On Wednesday I went to the JISC dev8d conference. I wish I could have gone for both days but time doesn’t permit at the moment. In all, I had a trhough provoking day and managed to catch talks on the Mobile Web (which I wasn’t expecting) and Linked Data. Whilst I didn’t attend the programming workshops on languages such as Clojure or Erlang (at the moment I don’t have a need to use either), I was looking for matters that might be useful for my impending move to Janet. (This is one of the reasons why I haven’t posted recently – I was either preparing or convinced I hadn’t got the job.)
I bumped into Eamonn Neylon and we went along to the Mobile Web session with Mike Jones from Bristol and the Molly project. They outlined the two main approaches (either via the various app markets or having a front end which caters for the different phones) and issues such as being sandboxed from the hardware layer at the moment. It would seems from them that you need to do both ideally, though development time doesn’t always allow. The session was slightly hijacked by the Python 2 versus 3 question and if Molly would ever use Python 3 but we gradually got back on track. The main barrier to entry would be the lack of standardisation so you need to target the platforms as well as the hardware issues.
I stayed for the Linked Data session which Chris Gutteridge took sort of control from the array of speakers. The main focus became notions of openness (as defined in the Open Knowledge Definition) and how it is perceived by the academic community bringing back up the ideas of attribution on the web. (An issue which is partly cultural.) The issue of clear licencing came up again as well but there does seems to be some clarification needed on the different models.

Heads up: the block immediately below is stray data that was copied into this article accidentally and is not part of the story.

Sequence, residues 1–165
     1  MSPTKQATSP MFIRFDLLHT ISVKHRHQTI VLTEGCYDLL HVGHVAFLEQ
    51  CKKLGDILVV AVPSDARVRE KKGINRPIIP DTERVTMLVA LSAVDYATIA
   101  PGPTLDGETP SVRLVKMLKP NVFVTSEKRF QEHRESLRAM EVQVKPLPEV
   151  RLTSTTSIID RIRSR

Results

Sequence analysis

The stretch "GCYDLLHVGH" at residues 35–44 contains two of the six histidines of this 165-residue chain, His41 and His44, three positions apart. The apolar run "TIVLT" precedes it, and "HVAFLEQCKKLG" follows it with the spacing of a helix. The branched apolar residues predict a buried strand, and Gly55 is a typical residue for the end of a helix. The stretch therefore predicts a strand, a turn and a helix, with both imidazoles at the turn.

I did go to some of the lightning talks before lunch but they didn’t leave much of an impression this time (though Chris Gutteridge did plug his Q &D RDF Browser which I’m thinking of using). After an excellent lunch, I wandered into basecamp where I plugged in my laptop and worked on Open Correspondence whilst waiting for the session on the Linked Data API. I did spend a couple of hours work on it to fix some bugs and little things for the next version to go live (though discovered another one in places with some missing but it is not huge, just needs a couple of hours). Rufus Pollock and Jo Walsh popped by so we managed to catch up and do some hacking. Rufus suggested using Flask which I think I’ll use for some smaller projects in the future (and for some reason Backbone was mentioned but not sure how).
I went along to Chris Dollin‘s talk on his eLDA library and how the Linked Data API works. It seems like an eminently sensible solution to removing the complexity of semantic technologies from the user and to make it easier to use. It is certainly something which will be useful to get my head around completely.
The day, as suggested by Mahendra Mahey, was definitely more useful when doing something and just cracking on with it. We need more days like this as it provides a collegiate atmosphere to try new things and take a look at different technologies which might not appear on the normal radar. The friendly atmosphere was great as well. I’ll book both days off if it comes around next year.